A trove of confidential documents about a well-known groundwater pollution problem helped journalists Paul LaRocco and David M. Schwartz uncover how much had actually been hidden about the contamination’s severity and how it could have been kept from worsening. In the latest Inside Story Q&A, LaRocco and Schwartz share the story behind their award-winning investigation.
It was a seemingly mundane legal notice about a surface water discharge permit. But when Wyoming journalist Angus Thuermer Jr. took a closer look, he discovered that it would mean massive discharges of pollutants into local waters. Inside Story explains how Thuermer revealed the truth about the plans, prompting local protests and, ultimately, a withdrawal of the permit.
Beat reporters Hal Bernton and Mark Kaufman both found the dramatic changes wrought by climate change to be at the center of their coverage — as their work was elevated to prize-winning heights. Bernton, covering climate impacts in northwestern Alaska at a large newspaper, and Kaufman, covering CO2 globally for a digital platform, talk about the lessons of their recent beat coverage with SEJournal’s Inside Story.
Two outstanding features — one on air pollution from a local coke plant in Pennsylvania, another on deaths from a shellfish toxin in Alaska, and both focused on public health, neglected communities and environmental justice — are the subject of the new Inside Story Q&A. Society of Environmental Journalists’ award-winners Nancy Averett and Zoya Teirstein share their reporting insights and advice.
Prize-winning journalist Tony Bartelme and his local news team enter one of the East Coast’s largest, but lesser known estuaries, and come out with an account that awards judges called “gorgeously executed in the best tradition of storytelling about the environment.” Bartelme shares lessons of covering the challenges of an amorphous ecosystem, and touches on his long record of award-winning reporting, in the latest Inside Story.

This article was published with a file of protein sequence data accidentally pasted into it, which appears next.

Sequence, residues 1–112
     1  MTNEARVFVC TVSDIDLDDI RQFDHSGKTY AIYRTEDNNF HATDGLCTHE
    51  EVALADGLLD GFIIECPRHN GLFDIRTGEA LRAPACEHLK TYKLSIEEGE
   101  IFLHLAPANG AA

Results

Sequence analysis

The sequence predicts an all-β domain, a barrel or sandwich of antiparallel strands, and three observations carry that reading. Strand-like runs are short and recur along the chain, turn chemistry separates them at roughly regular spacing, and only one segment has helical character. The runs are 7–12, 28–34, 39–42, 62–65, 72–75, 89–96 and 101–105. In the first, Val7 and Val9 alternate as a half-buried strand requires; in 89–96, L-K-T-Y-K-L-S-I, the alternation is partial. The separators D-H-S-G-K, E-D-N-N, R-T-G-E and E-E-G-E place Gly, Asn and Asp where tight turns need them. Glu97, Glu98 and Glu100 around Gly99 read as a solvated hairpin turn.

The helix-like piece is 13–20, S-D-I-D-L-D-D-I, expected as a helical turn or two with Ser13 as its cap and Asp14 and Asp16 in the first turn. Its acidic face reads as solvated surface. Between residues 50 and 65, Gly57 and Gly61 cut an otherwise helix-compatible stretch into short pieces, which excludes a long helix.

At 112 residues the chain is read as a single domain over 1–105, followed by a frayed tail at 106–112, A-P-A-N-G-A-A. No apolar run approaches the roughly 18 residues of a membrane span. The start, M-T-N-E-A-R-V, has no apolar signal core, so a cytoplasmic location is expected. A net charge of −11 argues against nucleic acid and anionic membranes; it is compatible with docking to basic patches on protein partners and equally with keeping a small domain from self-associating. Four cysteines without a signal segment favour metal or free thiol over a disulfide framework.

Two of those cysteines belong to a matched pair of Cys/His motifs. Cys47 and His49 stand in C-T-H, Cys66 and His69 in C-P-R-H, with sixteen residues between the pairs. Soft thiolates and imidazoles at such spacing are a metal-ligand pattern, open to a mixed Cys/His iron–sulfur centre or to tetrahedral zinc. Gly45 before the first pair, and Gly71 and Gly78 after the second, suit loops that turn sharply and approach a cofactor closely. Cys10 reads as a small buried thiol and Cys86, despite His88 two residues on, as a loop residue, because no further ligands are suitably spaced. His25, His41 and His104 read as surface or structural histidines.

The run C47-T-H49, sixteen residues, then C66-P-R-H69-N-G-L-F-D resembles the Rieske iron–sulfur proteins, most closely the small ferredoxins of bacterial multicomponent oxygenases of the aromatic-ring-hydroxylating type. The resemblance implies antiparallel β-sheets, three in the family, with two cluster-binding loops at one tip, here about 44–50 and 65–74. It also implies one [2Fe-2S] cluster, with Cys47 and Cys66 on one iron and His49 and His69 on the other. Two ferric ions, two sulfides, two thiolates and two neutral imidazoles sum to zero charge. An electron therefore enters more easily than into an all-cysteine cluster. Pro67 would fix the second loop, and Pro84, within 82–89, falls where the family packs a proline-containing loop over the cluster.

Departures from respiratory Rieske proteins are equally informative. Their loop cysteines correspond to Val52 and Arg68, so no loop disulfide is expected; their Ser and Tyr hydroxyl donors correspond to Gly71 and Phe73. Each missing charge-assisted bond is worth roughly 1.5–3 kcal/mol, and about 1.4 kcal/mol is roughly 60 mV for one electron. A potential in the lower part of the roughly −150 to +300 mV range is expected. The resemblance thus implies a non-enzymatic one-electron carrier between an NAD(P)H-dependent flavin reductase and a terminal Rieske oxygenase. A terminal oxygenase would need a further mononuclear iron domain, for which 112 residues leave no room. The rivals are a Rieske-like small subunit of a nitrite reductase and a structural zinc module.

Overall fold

Environmental journalists around the world sometimes pay for their work with their freedom, safety or even their lives. The Forbidden Stories network continues the reporting of some of those journalists, and a team there recently produced an award-winning collaboration to investigate troubles at mining giants in Central America, South Asia and East Africa. “The Green Blood Project” in this month’s Inside Story.
Even with a book in the works and a pledge to not take on new projects, freelance environmental journalist Jeremy Hance couldn’t say no to a series on global insect decline. Despite missing data and numerous other challenges, the resulting project was an award-winning example of explanatory reporting. Insights and lessons learned, in the new Inside Story.
Pittsburgh is known for its history of steel production … and of air pollution. In the new Inside Story, reporter Kristina Marusic talks about capturing the health impacts of air emissions in western Pennsylvania, and shares insights on how dogged environmental justice reporting can make the links between pollution cuts and health impacts. Plus, tips on managing a long reporting project, creating infographics and using video.
An investigation into lead poisoning treatment policies prompted some very unexpected conclusions for one long-time investigative journalist, whose deeply reported and surprising projects won plaudits from judges for the Society of Environmental Journalists’ annual awards. Find out how Charles Schmidt turned an aside from a source into a penetrating look at a critical public health and environmental challenge.
Perpetual water scarcity issues in the Colorado River basin provide a bounty of stories for public radio journalist Luke Runyon, who shares insights into his beat coverage practices, in the latest Inside Story Q&A. The greatest challenges, surprises and lessons in reporting these critical stories, lauded in SEJ’s awards program, through the medium of sound.